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California Missions Map
This map shows where all the missions are, but if you prefer a map that's interactive, with direct links to mission information - and where you can get driving directions, use the California Missions Map at Google.
If you're planning a tour of the California missions, you could use this map and plot a course to see every last one of them. Because I've done that, I can tell you that would be too much of a good thing. You can get a good look at the mission period by visiting these missions, in order from north to south:
Carmel: Mission San Carlos de Borromeo looks more like missions in Texas than California. It was Father Serra's home mission and has an excellent museum.
San Juan Bautista: Not only is the mission in San Juan Bautista mostly intact, but it faces a town square surrounded by businesses and buildings from the same era. Don't miss the animal paw prints in the church floor tiles — and the traces of the San Andreas Fault not far away.
San Antonio: You'll... have to take a detour from Highway 101 to visit Mission San Antonio de Padua. When get you get there, you'll be in the middle of a valley that is little changed since the mission era, giving an idea of what things were like in the 1700s.
La Purisima: The best thing about La Purisima Concepcion is the way the state park has recreated the grounds. The building is also unique, and the layout is linear instead of arranged around a courtyard.
Santa Barbara: The mission church at Santa Barbara is unique in its architecture, and they have a nice museum.
San Juan Capistrano: The beautiful but ruined church at San Juan Capistrano would have been the grandest of all the missions, but it was ruined during an earthquake. The grounds are beautiful, too.
San Diego: The most important thing about Mission San Diego de Alcala is that it was the first one in California, established seven years before the American Revolution began. Otherwise, it's not unique enough to merit a side trip.Continue to 2 of 3 below.
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California Missions by Year
When you are looking at the history of the Spanish missions in California, it can be helpful to see the order in which they were founded. Between 1769 and 1823 — over a period of 54 years, the Spanish Fathers founded 21 missions in what is now California.
After Mexico had won independence from Mexico, the Mexican Congress emancipated all the Indians at the missions and made them eligible for Mexican citizenship. In August 1833 they secularized the missions, and by 1836, all of the missions were closed.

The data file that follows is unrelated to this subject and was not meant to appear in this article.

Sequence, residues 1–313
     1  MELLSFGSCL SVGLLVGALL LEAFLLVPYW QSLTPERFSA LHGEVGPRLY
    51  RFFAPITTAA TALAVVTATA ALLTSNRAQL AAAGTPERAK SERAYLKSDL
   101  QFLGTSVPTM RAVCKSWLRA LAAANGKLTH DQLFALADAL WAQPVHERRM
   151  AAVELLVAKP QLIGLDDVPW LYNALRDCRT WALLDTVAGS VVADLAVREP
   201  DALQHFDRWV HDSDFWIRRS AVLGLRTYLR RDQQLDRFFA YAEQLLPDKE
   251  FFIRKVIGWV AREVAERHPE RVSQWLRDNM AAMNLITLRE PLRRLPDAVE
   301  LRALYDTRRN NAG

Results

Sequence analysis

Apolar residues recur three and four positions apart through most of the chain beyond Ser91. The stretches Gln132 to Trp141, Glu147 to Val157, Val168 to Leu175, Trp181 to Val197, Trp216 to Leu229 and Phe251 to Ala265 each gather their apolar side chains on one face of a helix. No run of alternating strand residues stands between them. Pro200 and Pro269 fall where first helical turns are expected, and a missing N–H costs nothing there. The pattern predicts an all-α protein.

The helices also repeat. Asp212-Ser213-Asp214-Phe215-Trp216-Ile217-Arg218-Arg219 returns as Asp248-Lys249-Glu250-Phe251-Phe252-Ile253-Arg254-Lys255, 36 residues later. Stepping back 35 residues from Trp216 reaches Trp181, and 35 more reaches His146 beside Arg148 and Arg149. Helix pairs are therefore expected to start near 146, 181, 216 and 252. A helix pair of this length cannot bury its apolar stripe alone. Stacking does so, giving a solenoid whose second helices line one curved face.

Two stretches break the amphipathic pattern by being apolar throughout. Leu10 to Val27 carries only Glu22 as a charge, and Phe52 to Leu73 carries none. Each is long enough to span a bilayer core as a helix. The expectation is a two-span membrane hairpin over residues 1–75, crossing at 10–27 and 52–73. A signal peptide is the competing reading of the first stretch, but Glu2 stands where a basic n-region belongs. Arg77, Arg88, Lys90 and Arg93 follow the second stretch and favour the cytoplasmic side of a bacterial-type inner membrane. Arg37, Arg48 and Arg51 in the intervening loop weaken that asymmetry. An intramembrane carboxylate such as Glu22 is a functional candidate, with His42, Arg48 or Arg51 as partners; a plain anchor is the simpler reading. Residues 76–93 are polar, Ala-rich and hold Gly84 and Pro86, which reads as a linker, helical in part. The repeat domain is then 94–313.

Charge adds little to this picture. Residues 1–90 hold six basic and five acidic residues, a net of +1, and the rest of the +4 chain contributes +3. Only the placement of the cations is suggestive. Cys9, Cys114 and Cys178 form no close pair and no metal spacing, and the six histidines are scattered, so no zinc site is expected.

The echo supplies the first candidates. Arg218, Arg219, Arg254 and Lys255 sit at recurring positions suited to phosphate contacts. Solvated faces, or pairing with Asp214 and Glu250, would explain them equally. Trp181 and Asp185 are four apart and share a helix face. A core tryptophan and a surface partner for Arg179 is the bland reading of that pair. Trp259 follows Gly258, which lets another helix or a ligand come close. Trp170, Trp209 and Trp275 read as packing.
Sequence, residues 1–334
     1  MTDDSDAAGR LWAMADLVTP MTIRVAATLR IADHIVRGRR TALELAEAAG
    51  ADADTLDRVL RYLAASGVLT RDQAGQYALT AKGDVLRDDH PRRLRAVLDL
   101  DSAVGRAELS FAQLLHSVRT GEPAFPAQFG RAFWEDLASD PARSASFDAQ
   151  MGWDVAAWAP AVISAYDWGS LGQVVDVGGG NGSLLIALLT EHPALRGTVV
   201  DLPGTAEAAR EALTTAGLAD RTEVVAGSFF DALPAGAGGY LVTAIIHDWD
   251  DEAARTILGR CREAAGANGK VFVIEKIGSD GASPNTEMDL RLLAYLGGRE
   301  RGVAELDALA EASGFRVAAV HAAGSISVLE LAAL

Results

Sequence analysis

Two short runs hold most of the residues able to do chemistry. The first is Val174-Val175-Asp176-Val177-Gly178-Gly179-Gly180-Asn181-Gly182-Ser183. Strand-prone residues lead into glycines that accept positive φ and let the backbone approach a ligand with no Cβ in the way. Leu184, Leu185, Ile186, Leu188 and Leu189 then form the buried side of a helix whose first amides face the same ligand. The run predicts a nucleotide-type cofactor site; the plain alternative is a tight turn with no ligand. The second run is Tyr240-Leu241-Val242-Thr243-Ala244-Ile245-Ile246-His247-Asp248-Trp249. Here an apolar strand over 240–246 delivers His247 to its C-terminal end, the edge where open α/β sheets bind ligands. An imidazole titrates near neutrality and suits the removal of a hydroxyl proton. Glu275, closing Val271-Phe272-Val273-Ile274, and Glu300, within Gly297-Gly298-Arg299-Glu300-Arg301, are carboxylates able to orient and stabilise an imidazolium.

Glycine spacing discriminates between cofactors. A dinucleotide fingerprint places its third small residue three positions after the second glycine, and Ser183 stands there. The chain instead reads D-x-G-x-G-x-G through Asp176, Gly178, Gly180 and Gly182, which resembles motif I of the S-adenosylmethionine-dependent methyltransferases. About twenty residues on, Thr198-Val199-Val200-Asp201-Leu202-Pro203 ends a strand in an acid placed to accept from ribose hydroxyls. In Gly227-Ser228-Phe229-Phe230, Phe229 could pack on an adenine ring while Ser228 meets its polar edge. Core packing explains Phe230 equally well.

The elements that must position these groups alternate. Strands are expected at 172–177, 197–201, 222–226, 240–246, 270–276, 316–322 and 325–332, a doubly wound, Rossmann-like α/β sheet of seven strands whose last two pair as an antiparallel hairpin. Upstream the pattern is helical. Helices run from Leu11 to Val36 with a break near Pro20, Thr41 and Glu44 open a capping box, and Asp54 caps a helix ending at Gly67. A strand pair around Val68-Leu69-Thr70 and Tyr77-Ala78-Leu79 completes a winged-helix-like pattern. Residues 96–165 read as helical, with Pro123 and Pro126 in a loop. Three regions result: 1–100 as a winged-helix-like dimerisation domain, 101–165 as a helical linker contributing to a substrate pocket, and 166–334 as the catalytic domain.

The mission period in California lasted only 67 years.Continue to 3 of 3 below.
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Missions by Founder
Missions Founded by Saint Junipero Serra
Junipero Serra is known as the Father of the Missions. He was the head of the Spanish mission in California for many years, and he founded the first eight missions.
Mission San Juan Capistrano was founded first by Father Lasuen, but it was abandoned and later refounded by Serra. He became Father-President of the missions after Father Serra. He founded nine missions during his 18-year tenure.
July 16, 1769: San Diego de Alcala
June 3, 1770: San Carlos Borromeo de Carmelo
July 14, 1771; San Antonio de Padua
September 8, 1771: San Gabriel Arcangel
September 1, 1772: San Luis Obispo de Tolosa
October 9, 1776: San Francisco de Asis
November 1, 1776: San Juan Capistrano
January 12, 1777: Santa Clara de Asís
Missions Founded by Father Fermín Francisco Lasuén
Father Lasuen came to California in 1761
March 31, 1782: San Buenaventura
December 4, 1786: Santa Barbara
December 8, 1787: La Purisima Concepcion
August 28, 1791: Santa Cruz
October 9, 1791: Nuestra Señora de la... Soledad
June 11, 1797: San José
June 24, 1797: San Juan Bautista
July 25, 1797: San Miguel Arcangel
September 8, 1797: San Fernando Rey de España
June 13, 1798: San Luis Rey de Francia
Missions Founded by Others
September 17, 1804: Santa Ines Founded by Father Estévan Tápis
December 14, 1817 San Rafael Arcangel Founded by Father Vicente de Sarria
July 14, 1823: San Francisco Solano Founded by Father Jose Altimira